The Hastings Project
The Hastings Project
“The Hastings Project” is an ongoing project that has been changing and evolving since its inception in fall 2020. This project is centered around Vancouver’s Downtown Eastside community. This community was called “four block of hell” by the Vancouver Sun in 2006 and is hidden away from the rest of Vancouver. It is known for its high levels of poverty and crime. Many individuals living in this community suffer from addiction and mental health problems. I have a unique relationship with the DTES as my sister lives in an SRO there and it’s always been a place of pain and sadness for me. I wanted to explore my own feelings of anger and resentment toward the DTES by creating work that focuses on positive elements and places that contribute to the wellbeing and growth of the community. Some of these places include Union Gospel Mission, First United, Downtown Eastside Women’s Centre, Carnegie Hall, and Pigeon Park.I wanted to highlight the beauty and importance of these overlooked places by illustrating them on functional ceramics and having them live in the kitchen and spaces of people who wouldn’t usually think about the DTES, just like I didn’t before my sister.
This series has evolved into multiple vases that I want to hold the essence and importance of the DTES. These vases depict shrieking pigeons across the surface with their wings raised high in a jumble of feet, wings, and fat little bodies. I chose the pigeon to depict the community of the DTES because of the infamous Pigeon Park, which is located in the heart of the community and is an important place for social gathering. I also see the pigeon as a bird that is misunderstood and underrated. When people think of pigeons they think of a dirty, unintelligent bird that walks around picking up scraps from the ground; a bird that lives off of people’s garbage in the city. In reality, the pigeon is an incredibly tough and brave creature that ventures up to people in Vancouver and thrives in a city environment. They are also very intelligent and can be taught to recognize all 26 letters in the English alphabet and to recognize people and places. There was a study done with pigeons showing that they could in fact distinguish paintings apart much like humans do. We underestimate pigeons and their capability based on how they look and act.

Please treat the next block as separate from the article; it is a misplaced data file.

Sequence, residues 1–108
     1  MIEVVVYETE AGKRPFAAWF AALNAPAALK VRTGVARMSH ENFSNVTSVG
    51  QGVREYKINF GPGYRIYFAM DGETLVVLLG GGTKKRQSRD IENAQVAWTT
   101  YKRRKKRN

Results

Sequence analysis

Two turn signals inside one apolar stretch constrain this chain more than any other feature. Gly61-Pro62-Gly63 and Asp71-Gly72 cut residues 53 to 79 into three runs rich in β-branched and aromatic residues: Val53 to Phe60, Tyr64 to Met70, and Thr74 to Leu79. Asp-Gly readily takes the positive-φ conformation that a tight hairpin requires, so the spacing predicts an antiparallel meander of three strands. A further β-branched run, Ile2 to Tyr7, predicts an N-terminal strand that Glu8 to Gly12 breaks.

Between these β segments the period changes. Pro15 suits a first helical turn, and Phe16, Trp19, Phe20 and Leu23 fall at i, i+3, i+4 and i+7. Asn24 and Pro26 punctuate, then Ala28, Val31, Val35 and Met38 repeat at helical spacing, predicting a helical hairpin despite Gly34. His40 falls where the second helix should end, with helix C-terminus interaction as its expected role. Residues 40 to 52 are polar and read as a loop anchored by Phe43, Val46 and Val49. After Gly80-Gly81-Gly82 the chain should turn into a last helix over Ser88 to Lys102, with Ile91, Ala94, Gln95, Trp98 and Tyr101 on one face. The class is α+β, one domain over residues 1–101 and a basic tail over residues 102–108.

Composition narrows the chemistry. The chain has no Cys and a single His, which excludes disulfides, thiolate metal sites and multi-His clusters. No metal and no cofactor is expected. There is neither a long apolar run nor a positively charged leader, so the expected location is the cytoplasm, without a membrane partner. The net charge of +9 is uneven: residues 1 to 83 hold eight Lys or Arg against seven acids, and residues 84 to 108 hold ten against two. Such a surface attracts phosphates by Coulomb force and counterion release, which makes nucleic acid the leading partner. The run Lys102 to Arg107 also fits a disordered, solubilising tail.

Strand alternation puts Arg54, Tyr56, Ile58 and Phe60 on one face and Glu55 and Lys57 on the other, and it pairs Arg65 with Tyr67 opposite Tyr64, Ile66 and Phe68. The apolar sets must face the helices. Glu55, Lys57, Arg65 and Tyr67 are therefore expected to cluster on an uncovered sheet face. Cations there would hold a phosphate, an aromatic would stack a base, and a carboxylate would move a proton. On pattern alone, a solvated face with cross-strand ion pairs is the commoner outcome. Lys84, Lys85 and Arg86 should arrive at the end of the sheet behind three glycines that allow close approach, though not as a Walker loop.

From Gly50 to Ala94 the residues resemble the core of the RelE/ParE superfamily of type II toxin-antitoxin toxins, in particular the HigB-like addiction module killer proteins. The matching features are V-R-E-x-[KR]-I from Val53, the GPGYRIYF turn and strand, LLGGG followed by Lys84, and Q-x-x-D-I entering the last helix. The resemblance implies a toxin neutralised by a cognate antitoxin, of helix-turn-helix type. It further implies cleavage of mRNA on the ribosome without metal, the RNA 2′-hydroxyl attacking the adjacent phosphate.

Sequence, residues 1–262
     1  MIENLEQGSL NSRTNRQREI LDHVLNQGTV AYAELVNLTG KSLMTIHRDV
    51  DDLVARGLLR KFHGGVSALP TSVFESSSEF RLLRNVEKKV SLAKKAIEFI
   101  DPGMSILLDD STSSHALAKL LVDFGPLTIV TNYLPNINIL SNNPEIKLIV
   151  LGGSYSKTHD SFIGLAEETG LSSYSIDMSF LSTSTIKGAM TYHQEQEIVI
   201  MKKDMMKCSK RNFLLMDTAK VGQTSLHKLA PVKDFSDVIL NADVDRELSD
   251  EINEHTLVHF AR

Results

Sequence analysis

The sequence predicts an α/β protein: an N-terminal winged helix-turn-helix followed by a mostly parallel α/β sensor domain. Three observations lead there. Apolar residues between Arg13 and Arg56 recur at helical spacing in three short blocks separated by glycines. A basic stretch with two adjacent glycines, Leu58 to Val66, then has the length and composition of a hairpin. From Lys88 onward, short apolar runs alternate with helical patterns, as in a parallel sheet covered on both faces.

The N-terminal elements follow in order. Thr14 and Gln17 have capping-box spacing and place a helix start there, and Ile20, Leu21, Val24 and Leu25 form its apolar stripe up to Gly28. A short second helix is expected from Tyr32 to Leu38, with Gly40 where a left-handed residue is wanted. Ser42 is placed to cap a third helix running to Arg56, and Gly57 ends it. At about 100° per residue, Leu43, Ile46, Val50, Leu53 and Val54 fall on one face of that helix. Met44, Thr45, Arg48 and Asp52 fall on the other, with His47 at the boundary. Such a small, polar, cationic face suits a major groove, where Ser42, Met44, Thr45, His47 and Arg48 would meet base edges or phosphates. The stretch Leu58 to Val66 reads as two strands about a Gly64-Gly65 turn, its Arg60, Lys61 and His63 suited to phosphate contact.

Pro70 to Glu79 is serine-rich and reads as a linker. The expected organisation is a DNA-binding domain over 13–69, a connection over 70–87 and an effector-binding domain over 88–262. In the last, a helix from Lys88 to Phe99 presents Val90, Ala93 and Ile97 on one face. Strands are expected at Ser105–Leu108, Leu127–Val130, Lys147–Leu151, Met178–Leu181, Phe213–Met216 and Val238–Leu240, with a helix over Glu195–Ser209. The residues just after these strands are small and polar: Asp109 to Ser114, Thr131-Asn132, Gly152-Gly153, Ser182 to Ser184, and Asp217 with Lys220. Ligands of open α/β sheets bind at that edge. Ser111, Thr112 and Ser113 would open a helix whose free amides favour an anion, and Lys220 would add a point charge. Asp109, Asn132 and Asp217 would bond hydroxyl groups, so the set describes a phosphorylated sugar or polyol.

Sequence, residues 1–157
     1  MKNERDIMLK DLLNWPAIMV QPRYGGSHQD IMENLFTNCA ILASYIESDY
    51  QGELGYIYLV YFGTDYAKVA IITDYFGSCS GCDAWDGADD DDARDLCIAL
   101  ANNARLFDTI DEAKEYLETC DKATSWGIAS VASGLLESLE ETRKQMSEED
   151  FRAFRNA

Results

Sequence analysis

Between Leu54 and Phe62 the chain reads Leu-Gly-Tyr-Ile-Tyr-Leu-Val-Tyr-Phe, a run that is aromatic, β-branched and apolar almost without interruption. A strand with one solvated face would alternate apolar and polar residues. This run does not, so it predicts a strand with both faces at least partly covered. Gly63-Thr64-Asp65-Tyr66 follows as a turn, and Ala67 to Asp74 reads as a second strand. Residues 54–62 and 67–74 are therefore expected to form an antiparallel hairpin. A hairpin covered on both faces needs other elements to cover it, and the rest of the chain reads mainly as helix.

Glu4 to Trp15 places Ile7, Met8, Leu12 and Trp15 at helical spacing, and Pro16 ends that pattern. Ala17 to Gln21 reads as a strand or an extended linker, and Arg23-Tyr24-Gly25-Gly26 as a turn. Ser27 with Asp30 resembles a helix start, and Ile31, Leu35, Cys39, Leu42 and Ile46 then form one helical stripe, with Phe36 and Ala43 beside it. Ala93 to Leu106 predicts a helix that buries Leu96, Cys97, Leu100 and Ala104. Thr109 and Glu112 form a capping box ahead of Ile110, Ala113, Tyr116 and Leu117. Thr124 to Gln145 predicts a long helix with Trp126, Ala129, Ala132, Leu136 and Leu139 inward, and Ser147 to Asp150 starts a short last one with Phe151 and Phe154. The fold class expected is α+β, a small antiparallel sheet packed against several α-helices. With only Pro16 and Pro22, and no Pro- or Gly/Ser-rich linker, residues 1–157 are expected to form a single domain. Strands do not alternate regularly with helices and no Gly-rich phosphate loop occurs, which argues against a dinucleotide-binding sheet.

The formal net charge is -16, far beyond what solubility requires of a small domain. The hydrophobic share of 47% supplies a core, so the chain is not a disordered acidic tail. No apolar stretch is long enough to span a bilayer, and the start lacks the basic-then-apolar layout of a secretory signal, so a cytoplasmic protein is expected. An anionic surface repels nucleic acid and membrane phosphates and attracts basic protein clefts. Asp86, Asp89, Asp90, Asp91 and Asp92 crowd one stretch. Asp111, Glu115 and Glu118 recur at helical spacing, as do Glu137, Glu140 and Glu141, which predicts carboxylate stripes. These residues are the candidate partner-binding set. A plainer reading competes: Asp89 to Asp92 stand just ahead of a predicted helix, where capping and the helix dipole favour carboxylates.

The pigeons and the people of the DTES are all underestimated and overlooked based on appearance and what we think is acceptable. I want these vases to represent the strength and importance of the DTES community and how they are not people that should be ignored or brushed to the side, but people who are relevant and can contribute to the rest of Vancouver if we give them the opportunity to. I think if we can raise awareness and educate people on the DTES, it will become a less stigmatized place and people won’t be so afraid to go down there. As human beings, we tend to be afraid and mistreat people we don’t understand. The first step to educating others on the DTES is to create work that will open up conversations around the community there in a positive way rather than consistently focusing on the negative.
To further support programs that are in place to give DTES residents opportunities, I chose to sell some work created for this project and donated proceeds to EWMA, which is a non-profit organization run by Atira that gives women facing barriers the opportunity to create artwork and sell it for income and to receive a stipend. Programs like this are usually underfunded but gives valuable work opportunities to those in need of assistance.
Through this project over 600$ has been raised and donated to EWMA to help support and contribute to the growth of Vancouver’s DTES.
Atira website https://atira.bc.ca/